Donald Trump’s first year in office has been marked by many troubling and even astonishing events. But in few areas has he been able to wreak havoc so quickly as on the justice front, where a parade of extreme and unqualified judicial nominees, retrograde policy reversals, and even explicit malice toward the judiciary have unquestionably made their mark.
At the Department of Justice, Trump has repeatedly compromised the independence of our central law enforcement agency, damaging the public’s faith in one of our most important civic institutions. Trump himself has said “I have the absolute right to do what I want to do with the Justice Department.” His desire to keep the Department under his thumb has been borne out in his interactions with officials who are tasked with investigating his personal and campaign ties to Russia. He has inappropriately, and perhaps illegal, pressured the FBI, where he, in his own words, fired the Director, James Comey, because of “this Russia thing.” Trump also admitted that “regardless of recommendation[s] [he] was going to fire Comey.” He has further shown a troubling proclivity for autocratic behavior by ordering the Department to investigate his political opponents.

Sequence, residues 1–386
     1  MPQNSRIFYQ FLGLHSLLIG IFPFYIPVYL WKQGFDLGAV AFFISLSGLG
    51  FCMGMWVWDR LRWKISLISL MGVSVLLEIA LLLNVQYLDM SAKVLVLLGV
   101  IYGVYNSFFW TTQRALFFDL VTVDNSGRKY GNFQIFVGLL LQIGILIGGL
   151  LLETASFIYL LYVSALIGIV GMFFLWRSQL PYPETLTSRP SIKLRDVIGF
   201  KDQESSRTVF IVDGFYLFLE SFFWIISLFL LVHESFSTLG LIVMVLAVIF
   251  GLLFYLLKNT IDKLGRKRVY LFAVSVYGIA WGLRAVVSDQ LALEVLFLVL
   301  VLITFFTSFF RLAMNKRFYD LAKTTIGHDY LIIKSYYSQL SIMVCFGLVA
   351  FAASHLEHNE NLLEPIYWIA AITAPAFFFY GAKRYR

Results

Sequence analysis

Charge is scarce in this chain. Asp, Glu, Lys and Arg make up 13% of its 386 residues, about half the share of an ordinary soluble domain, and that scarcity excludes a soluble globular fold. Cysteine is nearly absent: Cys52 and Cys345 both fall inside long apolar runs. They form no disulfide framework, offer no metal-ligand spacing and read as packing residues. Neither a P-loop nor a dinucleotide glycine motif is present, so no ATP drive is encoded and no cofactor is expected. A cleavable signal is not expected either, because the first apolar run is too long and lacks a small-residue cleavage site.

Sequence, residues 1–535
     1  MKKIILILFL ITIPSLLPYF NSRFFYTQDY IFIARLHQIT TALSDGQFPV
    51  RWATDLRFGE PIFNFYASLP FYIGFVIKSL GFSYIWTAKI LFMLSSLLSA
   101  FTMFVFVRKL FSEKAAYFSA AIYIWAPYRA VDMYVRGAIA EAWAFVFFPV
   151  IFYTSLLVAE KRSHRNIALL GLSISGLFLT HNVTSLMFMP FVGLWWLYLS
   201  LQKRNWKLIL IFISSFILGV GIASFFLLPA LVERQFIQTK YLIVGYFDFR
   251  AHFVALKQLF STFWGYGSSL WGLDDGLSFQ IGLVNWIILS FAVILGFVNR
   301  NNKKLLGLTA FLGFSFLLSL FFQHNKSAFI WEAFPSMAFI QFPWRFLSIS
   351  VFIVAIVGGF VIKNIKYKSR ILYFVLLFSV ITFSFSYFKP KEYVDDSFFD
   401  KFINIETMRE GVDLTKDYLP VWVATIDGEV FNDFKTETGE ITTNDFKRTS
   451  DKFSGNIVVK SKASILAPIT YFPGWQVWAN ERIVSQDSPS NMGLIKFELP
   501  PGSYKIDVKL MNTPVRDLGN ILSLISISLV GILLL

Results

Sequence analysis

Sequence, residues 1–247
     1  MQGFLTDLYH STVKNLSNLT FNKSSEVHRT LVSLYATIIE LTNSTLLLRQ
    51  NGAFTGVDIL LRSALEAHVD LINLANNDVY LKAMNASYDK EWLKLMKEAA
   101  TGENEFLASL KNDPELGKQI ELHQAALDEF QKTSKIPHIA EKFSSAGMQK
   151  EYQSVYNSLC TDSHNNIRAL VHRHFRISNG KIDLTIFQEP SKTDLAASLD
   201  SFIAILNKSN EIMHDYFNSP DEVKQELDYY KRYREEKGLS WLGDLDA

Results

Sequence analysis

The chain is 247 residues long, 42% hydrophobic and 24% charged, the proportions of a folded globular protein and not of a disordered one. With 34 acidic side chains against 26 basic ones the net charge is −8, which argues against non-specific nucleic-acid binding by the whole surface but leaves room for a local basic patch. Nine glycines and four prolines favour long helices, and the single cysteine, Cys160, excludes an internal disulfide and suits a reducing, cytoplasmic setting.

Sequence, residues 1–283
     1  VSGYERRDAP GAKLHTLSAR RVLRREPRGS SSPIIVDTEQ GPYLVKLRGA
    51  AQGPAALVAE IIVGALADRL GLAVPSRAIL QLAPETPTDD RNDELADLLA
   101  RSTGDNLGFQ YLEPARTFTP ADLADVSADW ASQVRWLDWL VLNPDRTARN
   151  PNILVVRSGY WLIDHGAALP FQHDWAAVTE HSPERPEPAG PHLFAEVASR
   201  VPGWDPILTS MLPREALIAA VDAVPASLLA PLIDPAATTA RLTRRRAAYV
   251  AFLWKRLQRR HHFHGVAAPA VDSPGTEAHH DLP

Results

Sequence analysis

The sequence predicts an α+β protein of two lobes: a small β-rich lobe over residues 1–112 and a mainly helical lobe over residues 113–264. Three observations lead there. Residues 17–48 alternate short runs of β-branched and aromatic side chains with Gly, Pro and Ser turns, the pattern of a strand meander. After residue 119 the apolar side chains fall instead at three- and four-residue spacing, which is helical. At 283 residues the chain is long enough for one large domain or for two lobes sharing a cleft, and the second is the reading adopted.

Attorney General Jeff Sessions, leading the Department wherever the President steers him, has also wasted no time in demonstrating his lifelong opposition to civil rights and civil liberties.
Attorney General Jeff Sessions, leading the Department wherever the President steers him, has also wasted no time in demonstrating his lifelong opposition to civil rights and civil liberties. The hostility of Sessions’s DOJ to LGBTQ rights is especially notable. Under Sessions, the DOJ has rescinded protections for transgender students from discrimination at school, and argued that civil rights laws don’t protect individuals from discrimination based on sexual orientation or gender identity. In Masterpiece Cakeshop, Ltd. v. Colorado Civil Rights Commission, under Sessions’s leadership, the Justice Department announced its support of Masterpiece Cakeshop and issued an amicus brief supporting a baker’s right to refuse to bake a wedding cake for a same-sex couple.